These videos slyly elide the long hours that lie between seeing how something is done and knowing how to do it.
They confused her, made her angry, as though the whole middle section of her life—the part where she was supposed to grow to adulthood, bear children, be a young mother, and watch her children grow to adulthood—had simply been elided.
associated with something by chance rather than as an integral part; extrinsic.
Adventitious comes from the Medieval Latin adjective adventītius, from Latin adventīcius “coming from without, from abroad, foreign, external, made or happening by chance, casual.” Adventīcius is a derivative of the verb advenīre “to come to, arrive at, reach” (formed from the preposition and prefix ad, ad– “to, toward” and the simple verb venīre “to come, be on the way, approach”) and the suffix –īcius, used for forming adjectives from the past participle stems of verbs (here, advent– from adventum). The zoological or botanical sense “appearing in an abnormal or unusual position or place, as a root” dates from the second half of the 17th century. Adventitious dates from the early 17th century.
It is not founded on organic strength, the delicate, ennobling mark of a good endowment, of sound blood and a sound character, but is in a curious way something adventitious, accidental, perhaps even usurped or stolen.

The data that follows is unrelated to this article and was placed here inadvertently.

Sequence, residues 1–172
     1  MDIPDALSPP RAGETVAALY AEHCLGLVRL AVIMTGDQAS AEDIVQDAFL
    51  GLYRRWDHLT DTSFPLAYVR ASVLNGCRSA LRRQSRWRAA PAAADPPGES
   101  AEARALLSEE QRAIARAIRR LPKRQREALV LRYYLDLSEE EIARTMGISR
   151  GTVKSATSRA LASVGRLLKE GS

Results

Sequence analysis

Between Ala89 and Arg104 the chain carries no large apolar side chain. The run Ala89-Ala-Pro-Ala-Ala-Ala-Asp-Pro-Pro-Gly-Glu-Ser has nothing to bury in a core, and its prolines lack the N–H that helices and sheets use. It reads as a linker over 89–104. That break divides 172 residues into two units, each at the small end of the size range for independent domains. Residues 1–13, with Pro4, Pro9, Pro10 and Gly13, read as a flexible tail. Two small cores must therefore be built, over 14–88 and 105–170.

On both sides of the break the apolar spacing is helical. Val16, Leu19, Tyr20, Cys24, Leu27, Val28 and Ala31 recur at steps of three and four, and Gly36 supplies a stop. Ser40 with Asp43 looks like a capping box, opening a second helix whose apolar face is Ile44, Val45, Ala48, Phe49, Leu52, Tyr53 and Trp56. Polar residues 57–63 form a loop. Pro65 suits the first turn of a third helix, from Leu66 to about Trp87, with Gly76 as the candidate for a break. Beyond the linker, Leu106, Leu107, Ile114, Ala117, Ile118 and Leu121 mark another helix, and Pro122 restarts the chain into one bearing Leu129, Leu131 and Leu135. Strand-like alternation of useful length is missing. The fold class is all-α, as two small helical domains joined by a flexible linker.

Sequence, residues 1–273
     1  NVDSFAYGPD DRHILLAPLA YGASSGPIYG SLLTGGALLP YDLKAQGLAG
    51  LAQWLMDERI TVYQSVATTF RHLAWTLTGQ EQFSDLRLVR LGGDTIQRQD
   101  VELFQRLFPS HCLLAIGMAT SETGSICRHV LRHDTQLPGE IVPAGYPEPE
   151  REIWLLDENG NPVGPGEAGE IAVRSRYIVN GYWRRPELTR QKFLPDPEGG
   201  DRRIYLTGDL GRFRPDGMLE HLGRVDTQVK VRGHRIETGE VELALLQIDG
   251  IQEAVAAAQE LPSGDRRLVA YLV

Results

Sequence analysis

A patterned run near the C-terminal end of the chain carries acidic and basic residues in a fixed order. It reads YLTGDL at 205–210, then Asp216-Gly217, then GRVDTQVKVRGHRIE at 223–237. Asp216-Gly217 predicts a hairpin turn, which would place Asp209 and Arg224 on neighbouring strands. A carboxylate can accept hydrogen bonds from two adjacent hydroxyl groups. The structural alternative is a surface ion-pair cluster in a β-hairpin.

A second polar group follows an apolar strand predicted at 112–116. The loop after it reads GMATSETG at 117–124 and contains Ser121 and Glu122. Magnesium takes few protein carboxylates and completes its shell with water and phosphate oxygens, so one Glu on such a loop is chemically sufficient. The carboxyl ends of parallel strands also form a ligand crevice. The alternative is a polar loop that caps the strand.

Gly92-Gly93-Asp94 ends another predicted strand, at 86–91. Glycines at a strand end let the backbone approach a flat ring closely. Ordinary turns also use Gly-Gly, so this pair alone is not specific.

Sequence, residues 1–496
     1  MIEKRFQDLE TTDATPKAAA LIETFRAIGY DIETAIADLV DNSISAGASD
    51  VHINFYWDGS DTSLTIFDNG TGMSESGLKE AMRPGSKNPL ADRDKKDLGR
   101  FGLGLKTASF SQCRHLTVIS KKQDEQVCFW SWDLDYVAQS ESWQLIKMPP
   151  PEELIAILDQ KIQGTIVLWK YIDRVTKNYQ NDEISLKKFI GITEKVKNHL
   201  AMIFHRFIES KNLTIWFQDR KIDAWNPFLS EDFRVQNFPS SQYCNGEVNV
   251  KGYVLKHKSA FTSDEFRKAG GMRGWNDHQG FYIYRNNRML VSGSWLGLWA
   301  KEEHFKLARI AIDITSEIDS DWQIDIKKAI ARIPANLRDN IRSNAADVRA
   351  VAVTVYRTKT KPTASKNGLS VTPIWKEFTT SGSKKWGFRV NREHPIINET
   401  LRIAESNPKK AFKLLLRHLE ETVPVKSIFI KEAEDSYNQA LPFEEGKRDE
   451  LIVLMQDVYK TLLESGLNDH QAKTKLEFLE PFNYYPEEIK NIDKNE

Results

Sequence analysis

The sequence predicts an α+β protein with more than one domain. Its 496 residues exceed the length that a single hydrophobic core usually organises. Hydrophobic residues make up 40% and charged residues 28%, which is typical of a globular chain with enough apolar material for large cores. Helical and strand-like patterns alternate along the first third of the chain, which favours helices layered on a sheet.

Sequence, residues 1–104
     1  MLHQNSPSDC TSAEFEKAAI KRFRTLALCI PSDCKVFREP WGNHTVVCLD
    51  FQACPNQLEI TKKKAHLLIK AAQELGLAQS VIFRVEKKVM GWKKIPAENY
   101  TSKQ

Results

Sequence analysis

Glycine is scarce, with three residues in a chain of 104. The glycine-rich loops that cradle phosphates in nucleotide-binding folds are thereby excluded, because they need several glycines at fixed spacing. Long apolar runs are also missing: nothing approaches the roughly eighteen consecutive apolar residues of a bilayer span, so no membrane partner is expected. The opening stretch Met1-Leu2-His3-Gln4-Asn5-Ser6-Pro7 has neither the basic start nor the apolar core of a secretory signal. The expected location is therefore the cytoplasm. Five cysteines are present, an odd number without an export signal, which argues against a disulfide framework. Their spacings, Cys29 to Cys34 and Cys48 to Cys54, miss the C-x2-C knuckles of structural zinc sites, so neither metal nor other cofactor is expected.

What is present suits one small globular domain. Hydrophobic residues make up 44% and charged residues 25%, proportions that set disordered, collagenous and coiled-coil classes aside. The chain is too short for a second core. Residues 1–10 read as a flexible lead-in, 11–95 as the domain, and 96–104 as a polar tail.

This is exhausting, of course, but far less so than the tenor of a normal museum, which groups works by adventitious categories of period and style.
to render or make devoid of freshness or originality; trivialize: Television has often been accused of banalizing even the most serious subjects.
Banalize “to render or make banal, trivialize” dates only from the mid-20th century. Banalize is a derivative of the adjective banal “lacking freshness or originality, trite, hackneyed.” Banal comes from Old French banal, banel “communal, open to the public,” from ban “public proclamation, edict, (in ecclesiastical usage) an official notice of an intended marriage, given three times in the parish church of each of the betrothed,” usually used in the plural banns or bans. In secular life, ban in feudal times meant “a summons from a lord or sovereign to a vassal to perform military service.” Any American male of a certain age who has ever received a letter personally addressed to him from The President of the United States, beginning with “Greeting:” would consider a ban like that as anything but banal.
Once the human tragedy has been completed, it gets turned over to the journalists to banalize into entertainment.
… these poets suffer by living in an anti-Romantic hollow, when the lyric occasion is no longer a noble and high thing, (let alone a public thing) but has been banalized and domesticated.
to strain unwarrantably, as in meaning.
The verb wiredraw, which entered English at the end of the 16th century, is a back formation from the agent noun wiredrawer, which dates from the 13th century and means—get this!—a worker whose job is to draw metal into wire (by forcibly pulling metal through holes of smaller and smaller diameter). Readers with scholarly interests will be familiar with the adjective wiredrawn “(of scholarly arguments) overrefined, overly subtle, contrived”—an occupational hazard.
He wiredraws every thing, and endeavours to misrepresent every circumstance of the story.
They wiredraw their arguments to such a length, that they absolutely weaken the very impression which a previous part of their speech may have produced.